In Close to the Knives, David Wojnarowicz gives us an important and timely document: a collection of creative essays -- a scathing, sexy, sublimely humorous and honest personal testimony to the "Fear of Diversity in America." From the author's violent childhood in suburbia to eventual homelessness on the streets and piers of New York City, to recognition as one of the most provocative artists of his generation -- Close to the Knives is his powerful and iconoclastic memoir. Street life, drugs, art and nature, family, AIDS, politics, friendship and acceptance: Wojnarowicz challenges us to examine our lives -- politically, socially, emotionally, and aesthetically.
About the Author
David Wojnarowicz was born in Red Bank, New Jersey, in 1954, and first gained notice in New York's East Village art scene in the 1970s. He rose to fame for his exceptional range, intelligence, and passion, and by the 1980s had become one of the most provocative artists of his generation. In the years before his death in 1992 from AIDS-related complications, he worked tirelessly as an AIDS activist and anticensorship advocate. In 1985, Wojnarowicz brought his fight for freedom of expression to the case of David Wojnarowicz v. American Family Association, in which Donald E. Wildmon claimed that Wojnarowicz's work was pornographic and undermined family values. Wojnarowicz won and was awarded a symbolic dollar. He was thrust back into the spotlight in 2010, at the center of a censorship battle over the National Portrait Gallery's exhibition "Hide/Seek: Difference and Desire in American Portraiture". In 2012, Cynthia Carr published the critically acclaimed biography "Fire in the Belly: The Life and Times of David Wojnarowicz".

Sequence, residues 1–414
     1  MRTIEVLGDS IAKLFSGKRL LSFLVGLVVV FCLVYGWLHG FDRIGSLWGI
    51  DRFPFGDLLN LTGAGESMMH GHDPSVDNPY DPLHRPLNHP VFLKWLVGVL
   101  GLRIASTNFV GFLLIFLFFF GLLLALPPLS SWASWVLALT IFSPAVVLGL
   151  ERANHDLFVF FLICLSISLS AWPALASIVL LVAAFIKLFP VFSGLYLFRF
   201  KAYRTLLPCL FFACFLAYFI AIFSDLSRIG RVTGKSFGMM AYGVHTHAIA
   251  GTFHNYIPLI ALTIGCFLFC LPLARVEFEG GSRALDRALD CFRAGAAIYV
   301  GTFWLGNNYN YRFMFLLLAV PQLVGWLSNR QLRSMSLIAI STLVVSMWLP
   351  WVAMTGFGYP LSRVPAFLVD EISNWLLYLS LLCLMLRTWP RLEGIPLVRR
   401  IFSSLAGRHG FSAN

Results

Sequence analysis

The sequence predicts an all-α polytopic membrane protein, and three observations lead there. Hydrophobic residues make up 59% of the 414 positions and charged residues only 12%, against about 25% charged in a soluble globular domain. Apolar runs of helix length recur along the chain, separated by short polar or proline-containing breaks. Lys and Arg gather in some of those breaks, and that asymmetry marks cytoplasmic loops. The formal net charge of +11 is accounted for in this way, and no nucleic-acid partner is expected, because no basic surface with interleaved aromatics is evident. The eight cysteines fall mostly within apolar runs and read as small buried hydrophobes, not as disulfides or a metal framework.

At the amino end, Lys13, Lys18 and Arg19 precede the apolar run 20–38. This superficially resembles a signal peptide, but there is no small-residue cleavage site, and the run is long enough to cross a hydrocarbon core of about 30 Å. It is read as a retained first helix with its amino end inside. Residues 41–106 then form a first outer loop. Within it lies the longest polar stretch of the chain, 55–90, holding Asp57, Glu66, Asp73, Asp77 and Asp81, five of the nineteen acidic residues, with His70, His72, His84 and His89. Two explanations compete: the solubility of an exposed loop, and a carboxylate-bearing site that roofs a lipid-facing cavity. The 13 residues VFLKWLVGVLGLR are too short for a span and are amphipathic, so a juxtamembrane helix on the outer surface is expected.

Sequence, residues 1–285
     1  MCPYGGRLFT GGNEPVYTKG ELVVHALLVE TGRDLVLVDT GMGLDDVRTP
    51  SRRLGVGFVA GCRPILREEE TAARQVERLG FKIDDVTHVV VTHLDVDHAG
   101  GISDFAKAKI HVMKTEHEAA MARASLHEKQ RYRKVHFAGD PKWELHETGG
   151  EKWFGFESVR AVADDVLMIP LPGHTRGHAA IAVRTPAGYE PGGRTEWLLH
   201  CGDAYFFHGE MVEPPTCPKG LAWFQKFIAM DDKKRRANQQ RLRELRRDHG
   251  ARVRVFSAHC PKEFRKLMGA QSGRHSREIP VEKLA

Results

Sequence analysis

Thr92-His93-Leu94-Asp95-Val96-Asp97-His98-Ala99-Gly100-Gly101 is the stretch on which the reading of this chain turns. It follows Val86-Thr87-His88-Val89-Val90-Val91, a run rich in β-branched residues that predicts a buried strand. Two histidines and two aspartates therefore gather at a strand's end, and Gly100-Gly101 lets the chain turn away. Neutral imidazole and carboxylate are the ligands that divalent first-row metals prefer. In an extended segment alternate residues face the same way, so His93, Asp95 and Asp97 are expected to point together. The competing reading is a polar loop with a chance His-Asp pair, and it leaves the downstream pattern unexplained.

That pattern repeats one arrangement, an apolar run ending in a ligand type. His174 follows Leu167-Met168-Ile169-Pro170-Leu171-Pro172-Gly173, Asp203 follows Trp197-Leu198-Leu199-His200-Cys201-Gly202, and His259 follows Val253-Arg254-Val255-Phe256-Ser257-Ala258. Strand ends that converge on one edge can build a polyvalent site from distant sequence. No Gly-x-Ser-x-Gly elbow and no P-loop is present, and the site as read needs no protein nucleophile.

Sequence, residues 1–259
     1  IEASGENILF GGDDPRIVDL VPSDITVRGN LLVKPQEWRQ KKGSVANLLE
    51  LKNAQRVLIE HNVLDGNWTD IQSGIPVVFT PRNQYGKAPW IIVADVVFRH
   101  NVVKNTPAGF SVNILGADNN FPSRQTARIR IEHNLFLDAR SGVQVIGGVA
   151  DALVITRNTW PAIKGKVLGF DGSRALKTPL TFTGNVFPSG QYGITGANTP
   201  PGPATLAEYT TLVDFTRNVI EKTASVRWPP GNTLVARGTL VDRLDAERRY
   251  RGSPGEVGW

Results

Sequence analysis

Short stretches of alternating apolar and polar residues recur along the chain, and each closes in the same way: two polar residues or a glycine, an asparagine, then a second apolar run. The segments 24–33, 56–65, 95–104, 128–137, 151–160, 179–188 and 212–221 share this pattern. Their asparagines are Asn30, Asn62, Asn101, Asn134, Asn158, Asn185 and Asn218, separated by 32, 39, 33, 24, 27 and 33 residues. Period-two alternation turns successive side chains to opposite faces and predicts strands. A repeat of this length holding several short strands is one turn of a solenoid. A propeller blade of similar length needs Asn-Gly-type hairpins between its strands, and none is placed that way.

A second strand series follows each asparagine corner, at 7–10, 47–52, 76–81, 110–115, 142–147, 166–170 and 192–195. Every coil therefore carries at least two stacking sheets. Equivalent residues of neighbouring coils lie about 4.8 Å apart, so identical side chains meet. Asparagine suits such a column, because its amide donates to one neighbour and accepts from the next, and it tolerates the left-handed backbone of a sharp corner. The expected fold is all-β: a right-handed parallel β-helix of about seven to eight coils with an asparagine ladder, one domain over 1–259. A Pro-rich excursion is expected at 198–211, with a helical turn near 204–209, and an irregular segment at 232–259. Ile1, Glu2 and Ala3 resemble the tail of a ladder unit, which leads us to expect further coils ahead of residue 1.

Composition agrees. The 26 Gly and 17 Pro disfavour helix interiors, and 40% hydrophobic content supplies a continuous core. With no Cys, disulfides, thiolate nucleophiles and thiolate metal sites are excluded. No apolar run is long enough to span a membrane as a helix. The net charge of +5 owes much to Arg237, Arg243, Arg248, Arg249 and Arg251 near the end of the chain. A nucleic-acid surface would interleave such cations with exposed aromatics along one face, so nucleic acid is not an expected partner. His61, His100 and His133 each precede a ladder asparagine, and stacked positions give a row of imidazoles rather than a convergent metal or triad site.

"David Wojnarowicz is brilliantly attuned to American talk and responsive to the moods and innovations of society's truants. He also has the best conscience of any writer I know. This fierce, erotic, haunting, truthful book should be given to every teenager immediately." -- Dennis Cooper
"Wojnarowicz's writing fairly smokes with acrid ironies. It's passionate and personal." -- New York
"Everyone should read Close to the Knives to understand the overall political agenda behind suffering, whether that suffering occurs because of a dysfunctional family, religion, or government. Wojnarowicz explores all of his painful life experiences as a plea for all of us to become more compassionate and caring human beings. This isn't just David's story, it's our story, our nation's story." -- Karen Finley